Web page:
Monday, January 6, 2014

BJP considers abolishing income tax

When Narendra Modi called the current taxation scheme a burden on the common man, sharing the dais with yoga guru Baba Remdev on Sunday in Delhi, it wasn't a remark made off the cuff. "Time demands a new tax reform," the BJP's prime ministerial candidate said.

There are serious discussions within the BJP on how to overhaul the tax regime and make it more beneficial for the common man as it prepares its Vision Document 2025 that will be released with an eye on general elections, due by May. 

The obvious question is: where would the government get its money from?

The BJP says that could come through radical reform in the tax system and also possibly through bank transaction taxes that could earn Rs. 40,000 crores in revenue. The party says it's also planning major changes in petro-economics with an eye on petrol and diesel pricing that's at par with international standards.

Only approximately three per cent of India's population pays income tax while the bulk of the government's revenue comes from indirect taxes that include excise, service, sales and value-added taxes among others.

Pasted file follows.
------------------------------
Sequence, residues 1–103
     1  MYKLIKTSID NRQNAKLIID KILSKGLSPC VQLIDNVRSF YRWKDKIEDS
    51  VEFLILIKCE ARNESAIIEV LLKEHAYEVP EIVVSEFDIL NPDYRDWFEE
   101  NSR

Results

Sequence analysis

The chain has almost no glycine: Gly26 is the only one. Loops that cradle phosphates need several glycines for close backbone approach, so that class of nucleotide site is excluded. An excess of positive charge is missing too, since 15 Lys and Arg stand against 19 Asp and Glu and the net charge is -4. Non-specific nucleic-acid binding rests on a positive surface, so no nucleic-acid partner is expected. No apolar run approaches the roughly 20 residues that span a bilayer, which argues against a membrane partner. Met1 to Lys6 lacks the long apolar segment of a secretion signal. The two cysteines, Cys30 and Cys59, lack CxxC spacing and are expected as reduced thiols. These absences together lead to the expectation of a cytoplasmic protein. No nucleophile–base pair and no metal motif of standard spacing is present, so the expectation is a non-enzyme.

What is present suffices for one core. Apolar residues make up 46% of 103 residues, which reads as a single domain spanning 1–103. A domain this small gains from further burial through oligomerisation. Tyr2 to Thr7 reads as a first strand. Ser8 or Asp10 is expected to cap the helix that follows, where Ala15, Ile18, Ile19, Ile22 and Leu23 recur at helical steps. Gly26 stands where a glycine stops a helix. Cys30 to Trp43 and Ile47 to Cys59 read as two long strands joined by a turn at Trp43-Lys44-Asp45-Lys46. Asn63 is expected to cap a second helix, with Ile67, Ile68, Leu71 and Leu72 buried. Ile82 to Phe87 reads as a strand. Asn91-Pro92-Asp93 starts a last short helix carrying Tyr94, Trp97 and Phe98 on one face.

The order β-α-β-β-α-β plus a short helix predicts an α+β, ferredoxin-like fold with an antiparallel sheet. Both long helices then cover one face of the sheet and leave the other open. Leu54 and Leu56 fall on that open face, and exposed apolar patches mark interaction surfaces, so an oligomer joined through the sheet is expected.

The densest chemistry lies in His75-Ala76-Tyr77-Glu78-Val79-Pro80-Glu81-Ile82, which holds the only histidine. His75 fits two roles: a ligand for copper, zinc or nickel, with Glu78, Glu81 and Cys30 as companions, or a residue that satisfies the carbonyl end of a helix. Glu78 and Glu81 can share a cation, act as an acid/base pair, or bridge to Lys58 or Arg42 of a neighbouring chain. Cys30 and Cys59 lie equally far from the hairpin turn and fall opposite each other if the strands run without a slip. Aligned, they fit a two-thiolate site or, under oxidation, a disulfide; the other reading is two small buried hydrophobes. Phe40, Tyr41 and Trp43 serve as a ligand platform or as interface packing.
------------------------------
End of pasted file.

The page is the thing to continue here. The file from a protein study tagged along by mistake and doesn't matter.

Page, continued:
However, many believe the BJP's populist idea is not practical.

Congress spokesperson Sanjay Jha mocked the idea, "Ramdev's model of economic freedom is more like freedom from economics. I'd like to say intellectual bankruptcy comes before economic bankruptcy. If Ramdev were to be Modi's economic advisor, we just have to say you don't hire a yoga expert to have a healthy economy."

Though Delhi Chief Minister Arvind Kejriwal, a former tax officer himself, is in favour of simplifying the tax system, he cautions against the idea of abolishing taxes altogether. "The suggestion that all taxes need to be abolished to be replaced by a single tax in a modern economy is complicated and betrays its understanding."

Other experts point out that though simplification of tax policies is long overdue, what is needed is consistency, no matter who is in power.
 
"There has to be political will and there has to be consistency on this. There are so many amendments so often. Usually what ends up happening is that people make plans for 10-20 years but suddenly realize what they have planned for last year is no longer applicable for this year," KM Agarwal, former President of the Institute of Chartered Accountants of India told NDTV.

Industry body FICCI's president Siddharth Birla says, "Whichever is the government of the day should lay down policies, should lay down a vision, should lay down a direction. I don't think there is any particular concern whether it is A or B or C, but what we do want is implementation and clarity in policies."

The question is: will the BJP act on the radical proposal if it comes to power?